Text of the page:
Total war fighting is a different matter. What kind of wars does Canada expect to be fighting in the next 30 years? Why are our allies rearming with 5th generation fighters. Who do they expect to fight.  A war with countries that do not have an air force does not require F-35's. Countries that could put a billion boots on the ground and is also developing a 5th generation fighter of it's own , that looks a lot like a F-35, might muddle the choice. Muddled , not for pilots but for politicians and media.

Patrolling the Canada's North may fall to a drone air force backed up by advance fighters. It should be considered. Drones can also do drug interdiction on the left and right coasts as well as  surveillance,border and maritime patrols. They can stay in the air for very long periods of time at a low cost with their pilots safe on the ground in easy chairs.

A war with countries that are supported by Russia or China the F-35 or Super Hornet would be in order. The small numbers of cheaper Canadian Super F/A-18 a 4.5 generation fighter or more expensive 5th generation F-35 would simply be a puzzle piece in any coalition arsenal.
*The F-16 and F-18's were designed on Col. John Boyd's energy-maneuverability theory (1960-70's)that light and less expensive planes would perform well in combat. It is the  idea that a big engine in a smaller plane has turning and performance advantages. This proved to be the right choice in the air a wars that fallowed .The numbers of planes could be produced in massive numbers in the case of total war compared to the F-14 and F-15's,and today F-35's.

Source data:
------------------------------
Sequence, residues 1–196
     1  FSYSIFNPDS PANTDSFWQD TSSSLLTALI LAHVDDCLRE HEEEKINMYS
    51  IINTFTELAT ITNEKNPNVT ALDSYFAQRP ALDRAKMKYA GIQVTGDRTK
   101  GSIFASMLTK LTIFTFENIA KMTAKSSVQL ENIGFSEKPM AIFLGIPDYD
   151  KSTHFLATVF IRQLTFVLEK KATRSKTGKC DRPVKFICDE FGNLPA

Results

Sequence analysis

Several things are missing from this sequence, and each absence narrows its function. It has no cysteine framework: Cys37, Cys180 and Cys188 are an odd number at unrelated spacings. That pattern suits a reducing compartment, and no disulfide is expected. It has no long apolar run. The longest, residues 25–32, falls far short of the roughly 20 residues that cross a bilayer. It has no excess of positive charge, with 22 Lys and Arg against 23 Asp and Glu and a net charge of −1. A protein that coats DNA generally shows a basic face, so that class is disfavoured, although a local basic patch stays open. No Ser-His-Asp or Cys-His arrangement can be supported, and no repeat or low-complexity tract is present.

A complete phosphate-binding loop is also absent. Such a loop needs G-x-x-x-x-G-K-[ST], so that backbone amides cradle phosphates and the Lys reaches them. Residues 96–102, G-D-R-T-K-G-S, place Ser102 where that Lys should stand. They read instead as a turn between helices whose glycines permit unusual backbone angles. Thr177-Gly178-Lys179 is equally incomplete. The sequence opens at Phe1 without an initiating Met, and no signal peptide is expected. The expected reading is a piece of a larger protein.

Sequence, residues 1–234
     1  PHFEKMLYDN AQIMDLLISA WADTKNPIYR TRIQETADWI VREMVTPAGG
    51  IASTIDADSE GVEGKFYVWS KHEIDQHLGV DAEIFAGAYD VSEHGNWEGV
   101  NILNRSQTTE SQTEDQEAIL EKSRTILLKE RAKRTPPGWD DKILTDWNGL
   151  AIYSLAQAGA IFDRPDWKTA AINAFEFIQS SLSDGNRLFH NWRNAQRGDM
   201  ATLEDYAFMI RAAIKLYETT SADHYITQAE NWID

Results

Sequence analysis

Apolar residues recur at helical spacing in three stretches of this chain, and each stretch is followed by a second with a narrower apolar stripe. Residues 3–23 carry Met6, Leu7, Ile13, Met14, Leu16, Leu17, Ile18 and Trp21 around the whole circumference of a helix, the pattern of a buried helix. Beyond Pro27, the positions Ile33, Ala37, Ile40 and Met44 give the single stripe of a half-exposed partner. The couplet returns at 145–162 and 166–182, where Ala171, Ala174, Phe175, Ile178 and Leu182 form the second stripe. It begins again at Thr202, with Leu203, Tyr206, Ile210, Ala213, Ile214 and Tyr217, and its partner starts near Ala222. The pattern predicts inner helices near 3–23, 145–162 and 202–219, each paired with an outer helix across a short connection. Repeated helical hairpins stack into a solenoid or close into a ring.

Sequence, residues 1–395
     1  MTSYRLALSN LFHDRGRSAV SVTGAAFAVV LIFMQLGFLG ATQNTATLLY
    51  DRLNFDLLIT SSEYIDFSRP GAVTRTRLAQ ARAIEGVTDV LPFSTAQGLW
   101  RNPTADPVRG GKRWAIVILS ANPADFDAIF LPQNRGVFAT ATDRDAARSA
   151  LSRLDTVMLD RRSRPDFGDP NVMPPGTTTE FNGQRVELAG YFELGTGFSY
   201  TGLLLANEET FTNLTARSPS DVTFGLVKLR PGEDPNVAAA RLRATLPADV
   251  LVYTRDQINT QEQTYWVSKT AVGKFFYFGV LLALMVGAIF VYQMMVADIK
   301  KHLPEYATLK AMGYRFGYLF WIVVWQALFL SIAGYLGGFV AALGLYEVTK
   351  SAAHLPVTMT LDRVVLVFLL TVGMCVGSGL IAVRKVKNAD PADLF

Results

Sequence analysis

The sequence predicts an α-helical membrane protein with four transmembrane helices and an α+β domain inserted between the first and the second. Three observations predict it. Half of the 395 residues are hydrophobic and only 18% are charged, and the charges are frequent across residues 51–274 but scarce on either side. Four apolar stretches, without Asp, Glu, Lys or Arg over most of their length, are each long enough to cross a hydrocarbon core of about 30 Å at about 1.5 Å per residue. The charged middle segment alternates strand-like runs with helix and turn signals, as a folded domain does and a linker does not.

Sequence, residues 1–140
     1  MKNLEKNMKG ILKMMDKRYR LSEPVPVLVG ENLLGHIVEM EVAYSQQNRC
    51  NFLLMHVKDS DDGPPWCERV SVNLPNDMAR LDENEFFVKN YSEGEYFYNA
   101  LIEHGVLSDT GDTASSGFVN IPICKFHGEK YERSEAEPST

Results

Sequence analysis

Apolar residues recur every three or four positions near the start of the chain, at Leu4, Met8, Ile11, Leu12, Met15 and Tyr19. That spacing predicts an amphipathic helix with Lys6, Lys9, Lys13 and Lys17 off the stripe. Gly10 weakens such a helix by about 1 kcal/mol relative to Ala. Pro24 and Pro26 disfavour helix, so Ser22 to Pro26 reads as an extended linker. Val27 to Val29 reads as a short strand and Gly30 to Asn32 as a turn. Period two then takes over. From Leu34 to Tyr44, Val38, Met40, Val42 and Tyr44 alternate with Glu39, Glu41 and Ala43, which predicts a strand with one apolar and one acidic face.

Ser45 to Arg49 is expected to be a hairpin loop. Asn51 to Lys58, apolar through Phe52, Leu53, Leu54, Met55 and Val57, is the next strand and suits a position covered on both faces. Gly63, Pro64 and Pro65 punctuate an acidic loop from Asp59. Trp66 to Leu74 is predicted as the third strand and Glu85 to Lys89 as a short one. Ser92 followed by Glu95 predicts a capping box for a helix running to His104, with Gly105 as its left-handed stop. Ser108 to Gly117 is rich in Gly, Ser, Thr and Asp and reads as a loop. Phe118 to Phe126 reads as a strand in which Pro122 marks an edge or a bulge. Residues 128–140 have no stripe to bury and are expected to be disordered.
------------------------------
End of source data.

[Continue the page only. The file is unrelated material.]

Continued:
The newest electronics are in suitcase like packages that be plugged into 4 th generation F-18 aircraft turning them into 4.5th generation “Super” versions. Other modifications are also part of the Super version.

Something no one seems to be asking about is just who or what is the enemy of  Canada or the F-35. Traditionally, fighters  attack bombers and escort fighters  protecting them as in a WW2 scenario. The ego battles involve fighter vs fighters as in the movie Top Gun have not happened in decades. These dog fight senerios haven't happened in reality since the Vietnam War for the US , but more recently 1973 with Israeli war planes.